Nothing really makes sense after GoGo Penguin Live, it’s the musical equivalent of acid.

Contemporary jazz can make me feel things that very few other genres are capable of and GoGo Penguin are an exemplary specimen in the genre. Very few bands can make me laugh out of sheer incredulity GoGo Penguin are one such band. I laughed because I was stupefied, hysterical at the level of skill in front of me. They’re at one with their instruments as well as one another and it shows in their performance. Brief almost-imperceptible glances to each other, help them keep in time, act as praise and forewarn of any upcoming improvisation. The subtlety in GoGo Penguins’ performance was phenomenal.


Their set featured tracks from all three of their albums – as well as one new track – with a slight leaning towards their most recent album, Man Made Objects. Each song seemingly more refined, honed and impactful than the preceding one. And even though the band’s performance was relatively short on crowd interaction, the generally stoic faces of Chris Illingworth [Piano], Nick Blacka [Double Bass], and Rob Turner [Drummer] betrayed their appreciation of the crowd.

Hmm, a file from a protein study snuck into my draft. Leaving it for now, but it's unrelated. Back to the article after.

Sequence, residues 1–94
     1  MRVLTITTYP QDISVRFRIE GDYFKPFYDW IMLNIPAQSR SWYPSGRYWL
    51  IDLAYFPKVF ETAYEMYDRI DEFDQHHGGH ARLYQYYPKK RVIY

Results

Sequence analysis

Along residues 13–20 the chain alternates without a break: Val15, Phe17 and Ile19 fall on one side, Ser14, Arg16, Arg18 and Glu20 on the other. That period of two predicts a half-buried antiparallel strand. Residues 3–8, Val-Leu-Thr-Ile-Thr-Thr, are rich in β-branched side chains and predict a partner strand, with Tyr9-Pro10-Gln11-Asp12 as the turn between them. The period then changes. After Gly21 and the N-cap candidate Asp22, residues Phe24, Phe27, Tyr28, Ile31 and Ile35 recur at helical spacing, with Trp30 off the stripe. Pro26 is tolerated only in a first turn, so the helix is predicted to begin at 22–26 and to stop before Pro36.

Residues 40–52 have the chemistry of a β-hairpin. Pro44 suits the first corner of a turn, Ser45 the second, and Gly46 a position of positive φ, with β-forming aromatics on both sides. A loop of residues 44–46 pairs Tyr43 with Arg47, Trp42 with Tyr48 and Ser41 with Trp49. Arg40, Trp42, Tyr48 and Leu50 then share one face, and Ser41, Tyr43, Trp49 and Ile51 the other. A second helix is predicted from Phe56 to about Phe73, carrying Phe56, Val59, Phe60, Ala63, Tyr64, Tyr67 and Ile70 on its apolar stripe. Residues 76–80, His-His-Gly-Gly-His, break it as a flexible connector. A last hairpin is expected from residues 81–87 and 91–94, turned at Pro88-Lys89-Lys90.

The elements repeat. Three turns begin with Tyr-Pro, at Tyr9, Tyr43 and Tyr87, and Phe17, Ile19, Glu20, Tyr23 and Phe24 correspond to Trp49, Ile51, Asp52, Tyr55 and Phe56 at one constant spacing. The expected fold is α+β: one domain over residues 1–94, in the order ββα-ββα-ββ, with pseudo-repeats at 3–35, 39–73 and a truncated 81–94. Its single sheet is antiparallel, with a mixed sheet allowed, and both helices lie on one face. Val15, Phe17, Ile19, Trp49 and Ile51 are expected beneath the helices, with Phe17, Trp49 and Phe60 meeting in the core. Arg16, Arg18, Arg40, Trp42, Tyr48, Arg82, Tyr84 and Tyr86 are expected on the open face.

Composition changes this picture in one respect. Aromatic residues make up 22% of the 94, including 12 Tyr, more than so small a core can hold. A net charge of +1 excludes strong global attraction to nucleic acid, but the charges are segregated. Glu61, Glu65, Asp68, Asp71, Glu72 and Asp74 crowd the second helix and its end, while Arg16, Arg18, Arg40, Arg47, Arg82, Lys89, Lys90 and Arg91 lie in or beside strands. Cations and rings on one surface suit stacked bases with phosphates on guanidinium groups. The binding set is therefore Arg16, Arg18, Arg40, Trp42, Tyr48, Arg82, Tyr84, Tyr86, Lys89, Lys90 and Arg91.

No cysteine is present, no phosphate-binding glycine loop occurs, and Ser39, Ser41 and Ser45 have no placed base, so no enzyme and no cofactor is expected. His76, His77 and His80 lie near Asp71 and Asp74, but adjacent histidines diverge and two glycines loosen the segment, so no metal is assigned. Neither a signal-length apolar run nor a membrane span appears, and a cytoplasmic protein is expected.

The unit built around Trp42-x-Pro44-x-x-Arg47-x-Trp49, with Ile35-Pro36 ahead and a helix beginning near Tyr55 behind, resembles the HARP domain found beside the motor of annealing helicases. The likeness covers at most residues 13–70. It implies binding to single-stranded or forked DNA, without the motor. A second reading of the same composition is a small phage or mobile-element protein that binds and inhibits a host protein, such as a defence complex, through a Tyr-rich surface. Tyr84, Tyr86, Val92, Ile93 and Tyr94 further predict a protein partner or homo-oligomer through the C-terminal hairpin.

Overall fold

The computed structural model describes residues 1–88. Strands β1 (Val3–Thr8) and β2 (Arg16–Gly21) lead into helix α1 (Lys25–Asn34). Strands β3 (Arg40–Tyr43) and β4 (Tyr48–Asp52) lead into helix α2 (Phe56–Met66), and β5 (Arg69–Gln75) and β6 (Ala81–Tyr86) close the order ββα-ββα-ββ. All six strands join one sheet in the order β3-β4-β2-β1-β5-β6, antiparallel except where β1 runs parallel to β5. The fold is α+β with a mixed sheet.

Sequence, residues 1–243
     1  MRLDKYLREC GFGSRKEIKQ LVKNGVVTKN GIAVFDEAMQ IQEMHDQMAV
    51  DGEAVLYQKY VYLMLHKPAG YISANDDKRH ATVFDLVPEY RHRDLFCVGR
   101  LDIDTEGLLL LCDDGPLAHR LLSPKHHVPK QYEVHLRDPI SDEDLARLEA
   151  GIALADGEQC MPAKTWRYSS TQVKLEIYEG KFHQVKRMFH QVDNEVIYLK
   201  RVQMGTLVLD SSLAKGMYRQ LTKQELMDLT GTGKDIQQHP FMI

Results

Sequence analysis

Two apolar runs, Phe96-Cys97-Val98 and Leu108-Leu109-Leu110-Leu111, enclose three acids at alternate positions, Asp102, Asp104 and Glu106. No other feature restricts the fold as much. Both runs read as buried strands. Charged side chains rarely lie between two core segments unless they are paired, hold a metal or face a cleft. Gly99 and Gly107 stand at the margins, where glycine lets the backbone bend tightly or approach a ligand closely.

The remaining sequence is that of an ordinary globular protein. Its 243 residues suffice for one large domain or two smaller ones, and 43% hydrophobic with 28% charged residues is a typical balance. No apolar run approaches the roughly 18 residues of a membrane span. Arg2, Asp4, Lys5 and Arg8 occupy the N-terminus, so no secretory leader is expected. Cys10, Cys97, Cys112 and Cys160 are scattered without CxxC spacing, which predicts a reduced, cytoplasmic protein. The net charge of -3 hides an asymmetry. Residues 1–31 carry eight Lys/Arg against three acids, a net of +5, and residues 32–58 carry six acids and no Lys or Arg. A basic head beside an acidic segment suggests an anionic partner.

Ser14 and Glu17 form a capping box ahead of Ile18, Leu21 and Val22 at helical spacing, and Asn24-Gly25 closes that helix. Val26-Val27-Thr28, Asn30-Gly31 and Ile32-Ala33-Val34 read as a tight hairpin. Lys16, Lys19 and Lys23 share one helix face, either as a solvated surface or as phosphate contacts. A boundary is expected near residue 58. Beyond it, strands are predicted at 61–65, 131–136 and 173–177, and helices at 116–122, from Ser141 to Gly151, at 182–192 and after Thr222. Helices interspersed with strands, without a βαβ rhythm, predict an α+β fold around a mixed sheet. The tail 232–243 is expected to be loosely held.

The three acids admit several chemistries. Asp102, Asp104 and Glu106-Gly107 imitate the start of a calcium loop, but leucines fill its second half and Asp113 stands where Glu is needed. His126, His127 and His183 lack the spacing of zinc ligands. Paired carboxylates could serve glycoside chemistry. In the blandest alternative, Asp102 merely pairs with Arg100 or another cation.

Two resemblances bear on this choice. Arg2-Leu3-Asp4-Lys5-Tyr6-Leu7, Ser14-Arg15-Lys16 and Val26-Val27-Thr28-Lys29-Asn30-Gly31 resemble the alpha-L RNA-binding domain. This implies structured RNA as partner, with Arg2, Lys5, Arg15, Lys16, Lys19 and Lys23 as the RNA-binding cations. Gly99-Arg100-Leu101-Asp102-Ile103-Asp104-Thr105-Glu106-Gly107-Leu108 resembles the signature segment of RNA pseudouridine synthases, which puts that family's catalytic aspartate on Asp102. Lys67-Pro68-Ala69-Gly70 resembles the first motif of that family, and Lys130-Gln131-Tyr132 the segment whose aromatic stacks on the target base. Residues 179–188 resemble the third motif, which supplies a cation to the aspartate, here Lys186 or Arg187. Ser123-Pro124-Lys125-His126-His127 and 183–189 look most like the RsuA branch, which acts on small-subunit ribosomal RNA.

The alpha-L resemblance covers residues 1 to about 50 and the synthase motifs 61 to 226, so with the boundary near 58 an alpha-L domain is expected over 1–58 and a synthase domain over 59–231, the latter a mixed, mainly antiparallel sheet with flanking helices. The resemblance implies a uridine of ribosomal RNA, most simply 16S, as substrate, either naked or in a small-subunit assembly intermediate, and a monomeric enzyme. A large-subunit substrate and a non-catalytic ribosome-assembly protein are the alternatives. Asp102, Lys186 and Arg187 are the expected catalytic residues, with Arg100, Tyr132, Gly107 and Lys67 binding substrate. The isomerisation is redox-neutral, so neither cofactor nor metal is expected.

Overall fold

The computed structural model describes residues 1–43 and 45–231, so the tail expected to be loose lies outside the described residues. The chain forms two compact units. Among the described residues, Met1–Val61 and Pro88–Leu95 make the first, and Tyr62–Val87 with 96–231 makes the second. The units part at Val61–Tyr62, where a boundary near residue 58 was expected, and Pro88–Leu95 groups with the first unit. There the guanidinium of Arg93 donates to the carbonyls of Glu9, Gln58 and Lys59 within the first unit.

GoGo Penguin held the – unfortunately small – crowd’s attention better than any act of the acts I saw at this year’s Liverpool Music Week. Attracting a particular sort, jazz bands tend to attract a quieter audience but altogether more emotive one. Gasps of incredulity and ravenous applause broke out spontaneously, punctuating the crowd’s general appreciative silence. The band’s music flowed over us.

GoGo Penguin Live

I could wax lyrical about the band for hours but I won’t. Catch them yourself. Listen to their albums – start here:

… or start elsewhere even, make your own mind up, but have a go all the same.